In the event of deployment, military families must make a Family Care Plan, often as part of their custody agreement which provides information about how children should be cared for and which meets the requirements of your branch of the military.
Your plan should designate a short-term and long-term caretaker for your children, in addition to providing comprehensive details about caring for them, including:
Essential documents and medical information: Provide copies of birth certificates, wills, powers of attorney and insurance information. Also provide details about your children’s doctors and dentists, medication and allergies, local hospitals and the dates and times of appointments which happen on a regular schedule.
Regular routines and activities: Provide your designated caregivers with an outline of your children’s daily living and school schedules and include any extracurricular activities, in addition to meal and bedtimes, so they can keep schedules consistent.
A list of essential people and military family resources: Caregivers should be instructed who your military unit and Family Readiness Program points of contact are and how to reach them. You should also provide full contact information for the child’s relatives, friends or neighbors, military and community resources, and contact information for your military unit’s family readiness program.
Registration in DEERS and up to date ID cards. Make sure that any ID cards used by your family or dependents aren’t expired and that your dependents are registered in the Defense Enrollment Eligibility Reporting System.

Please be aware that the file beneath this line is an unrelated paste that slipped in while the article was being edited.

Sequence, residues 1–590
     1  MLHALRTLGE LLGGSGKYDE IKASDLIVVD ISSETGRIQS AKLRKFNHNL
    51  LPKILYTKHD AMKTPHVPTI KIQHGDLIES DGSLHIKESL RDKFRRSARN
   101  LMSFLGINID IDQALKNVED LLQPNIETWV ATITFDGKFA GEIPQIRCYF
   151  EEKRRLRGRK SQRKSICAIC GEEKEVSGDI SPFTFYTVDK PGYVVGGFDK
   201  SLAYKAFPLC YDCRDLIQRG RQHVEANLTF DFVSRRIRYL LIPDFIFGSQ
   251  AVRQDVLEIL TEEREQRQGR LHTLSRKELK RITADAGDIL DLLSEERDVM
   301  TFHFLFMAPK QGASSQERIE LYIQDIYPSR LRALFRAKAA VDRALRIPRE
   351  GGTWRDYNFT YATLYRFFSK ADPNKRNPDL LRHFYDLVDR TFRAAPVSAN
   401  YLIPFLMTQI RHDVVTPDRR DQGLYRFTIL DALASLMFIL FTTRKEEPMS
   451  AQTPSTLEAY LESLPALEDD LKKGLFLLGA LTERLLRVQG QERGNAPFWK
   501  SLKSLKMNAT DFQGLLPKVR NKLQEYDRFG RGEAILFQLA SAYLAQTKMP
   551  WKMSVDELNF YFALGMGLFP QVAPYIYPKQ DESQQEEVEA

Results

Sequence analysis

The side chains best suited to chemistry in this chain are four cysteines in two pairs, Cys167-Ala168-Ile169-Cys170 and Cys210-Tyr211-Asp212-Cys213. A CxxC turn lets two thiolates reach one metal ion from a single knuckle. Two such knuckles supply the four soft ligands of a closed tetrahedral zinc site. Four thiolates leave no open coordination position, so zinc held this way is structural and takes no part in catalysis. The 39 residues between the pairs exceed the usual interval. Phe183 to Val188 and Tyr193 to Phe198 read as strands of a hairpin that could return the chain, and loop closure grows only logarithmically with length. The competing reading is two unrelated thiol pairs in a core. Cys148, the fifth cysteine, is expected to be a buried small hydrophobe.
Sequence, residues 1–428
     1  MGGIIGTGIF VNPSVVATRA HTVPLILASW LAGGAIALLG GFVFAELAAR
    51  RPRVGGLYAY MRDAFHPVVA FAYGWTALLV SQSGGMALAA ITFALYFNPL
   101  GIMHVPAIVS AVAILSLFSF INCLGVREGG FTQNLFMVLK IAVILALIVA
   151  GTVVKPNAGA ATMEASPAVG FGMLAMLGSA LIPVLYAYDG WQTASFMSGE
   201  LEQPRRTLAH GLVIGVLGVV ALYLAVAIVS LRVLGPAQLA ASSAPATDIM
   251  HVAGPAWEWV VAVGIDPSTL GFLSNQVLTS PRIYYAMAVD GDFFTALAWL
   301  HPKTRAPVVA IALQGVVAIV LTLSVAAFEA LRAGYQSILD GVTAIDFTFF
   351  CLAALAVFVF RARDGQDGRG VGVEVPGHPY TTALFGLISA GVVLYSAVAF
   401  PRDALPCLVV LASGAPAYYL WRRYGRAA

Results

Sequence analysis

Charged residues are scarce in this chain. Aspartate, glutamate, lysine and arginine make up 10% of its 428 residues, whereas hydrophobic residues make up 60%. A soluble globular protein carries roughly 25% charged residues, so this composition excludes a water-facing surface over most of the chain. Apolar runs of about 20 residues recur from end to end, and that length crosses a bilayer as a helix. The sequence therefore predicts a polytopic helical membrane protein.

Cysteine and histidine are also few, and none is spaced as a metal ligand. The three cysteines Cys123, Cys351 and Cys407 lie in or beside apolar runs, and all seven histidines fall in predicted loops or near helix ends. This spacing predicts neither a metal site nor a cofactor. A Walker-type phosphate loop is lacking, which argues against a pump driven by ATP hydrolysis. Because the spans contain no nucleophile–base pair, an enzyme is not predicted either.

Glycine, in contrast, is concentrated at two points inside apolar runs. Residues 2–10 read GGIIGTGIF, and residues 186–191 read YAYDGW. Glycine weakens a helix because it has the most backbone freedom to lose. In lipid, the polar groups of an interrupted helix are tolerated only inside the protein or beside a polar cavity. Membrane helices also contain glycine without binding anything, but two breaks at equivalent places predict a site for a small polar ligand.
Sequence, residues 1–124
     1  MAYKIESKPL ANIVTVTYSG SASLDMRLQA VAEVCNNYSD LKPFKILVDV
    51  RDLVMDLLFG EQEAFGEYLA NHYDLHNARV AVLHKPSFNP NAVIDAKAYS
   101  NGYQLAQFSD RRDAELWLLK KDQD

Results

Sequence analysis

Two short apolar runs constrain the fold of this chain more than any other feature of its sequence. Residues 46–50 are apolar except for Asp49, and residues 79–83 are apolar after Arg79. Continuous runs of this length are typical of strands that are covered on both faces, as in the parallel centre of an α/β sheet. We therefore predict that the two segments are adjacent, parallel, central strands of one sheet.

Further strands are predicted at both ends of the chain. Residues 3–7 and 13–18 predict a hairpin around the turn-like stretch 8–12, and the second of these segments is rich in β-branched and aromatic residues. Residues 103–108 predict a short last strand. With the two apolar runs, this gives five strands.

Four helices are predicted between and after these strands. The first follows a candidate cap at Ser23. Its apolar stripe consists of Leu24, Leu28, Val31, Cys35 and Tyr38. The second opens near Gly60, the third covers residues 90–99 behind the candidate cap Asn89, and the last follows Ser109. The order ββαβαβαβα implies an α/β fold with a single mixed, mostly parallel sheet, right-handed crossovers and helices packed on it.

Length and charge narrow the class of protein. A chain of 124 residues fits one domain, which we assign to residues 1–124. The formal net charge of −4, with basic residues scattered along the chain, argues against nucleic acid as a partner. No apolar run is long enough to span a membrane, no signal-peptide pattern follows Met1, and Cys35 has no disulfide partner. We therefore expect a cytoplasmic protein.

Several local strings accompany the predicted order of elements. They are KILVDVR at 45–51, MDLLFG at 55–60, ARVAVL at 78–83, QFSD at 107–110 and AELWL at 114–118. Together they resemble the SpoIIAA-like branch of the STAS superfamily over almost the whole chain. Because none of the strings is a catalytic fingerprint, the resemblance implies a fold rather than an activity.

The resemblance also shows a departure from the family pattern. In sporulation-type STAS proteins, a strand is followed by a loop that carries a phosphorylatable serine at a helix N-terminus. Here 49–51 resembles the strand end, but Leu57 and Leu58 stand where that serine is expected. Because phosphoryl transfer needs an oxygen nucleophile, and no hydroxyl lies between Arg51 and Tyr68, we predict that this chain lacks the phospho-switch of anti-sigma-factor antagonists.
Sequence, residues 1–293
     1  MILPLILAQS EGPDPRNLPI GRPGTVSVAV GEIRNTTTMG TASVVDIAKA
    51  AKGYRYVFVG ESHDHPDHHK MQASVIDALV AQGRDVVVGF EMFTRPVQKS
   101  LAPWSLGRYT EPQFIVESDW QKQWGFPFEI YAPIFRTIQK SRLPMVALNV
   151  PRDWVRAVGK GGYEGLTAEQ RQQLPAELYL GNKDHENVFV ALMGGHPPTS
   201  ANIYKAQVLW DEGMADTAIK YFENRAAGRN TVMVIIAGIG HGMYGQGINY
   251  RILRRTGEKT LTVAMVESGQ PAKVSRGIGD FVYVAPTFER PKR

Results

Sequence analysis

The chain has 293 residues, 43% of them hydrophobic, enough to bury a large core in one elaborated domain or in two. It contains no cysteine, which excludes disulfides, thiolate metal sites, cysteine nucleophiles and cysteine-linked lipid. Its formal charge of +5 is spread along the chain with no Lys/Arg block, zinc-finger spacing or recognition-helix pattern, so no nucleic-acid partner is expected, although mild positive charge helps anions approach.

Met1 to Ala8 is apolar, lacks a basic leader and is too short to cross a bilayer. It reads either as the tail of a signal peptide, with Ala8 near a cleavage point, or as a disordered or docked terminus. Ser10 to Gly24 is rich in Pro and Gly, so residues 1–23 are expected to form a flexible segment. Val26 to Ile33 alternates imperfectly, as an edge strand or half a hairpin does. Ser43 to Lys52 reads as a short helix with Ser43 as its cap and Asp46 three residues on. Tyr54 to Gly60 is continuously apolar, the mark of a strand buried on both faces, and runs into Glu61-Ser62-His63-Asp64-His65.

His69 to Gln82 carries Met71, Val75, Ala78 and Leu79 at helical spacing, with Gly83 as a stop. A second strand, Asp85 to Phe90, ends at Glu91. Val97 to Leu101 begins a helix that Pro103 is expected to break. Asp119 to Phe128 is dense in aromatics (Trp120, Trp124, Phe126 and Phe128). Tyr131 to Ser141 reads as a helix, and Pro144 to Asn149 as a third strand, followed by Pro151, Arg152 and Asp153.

Designation of powers of attorney. You need to make providing financial support and medical care for your children seamless for their caregivers. By ensuring that you’ve established legal powers of attorney, you will help your children get the care they need when they need it.
Documentation about how the caregiver can use military facilities. Your designated caregiver isn’t required to obtain a military ID. If they provide documentation of power of attorney and their family ID card, they're able to shop and run other errands on behalf of your children or dependents.
Update your plan annually with your commanding officer and caretakers and be sure to make updates if things change for you, such as having another child or if your spouse cannot care your for your children.
Creating a Family Care Plan is easy with the right guidance. Talk with an experienced military child custody lawyer for help navigating the process and making sure your children and dependents are safe and secure while you’re deployed.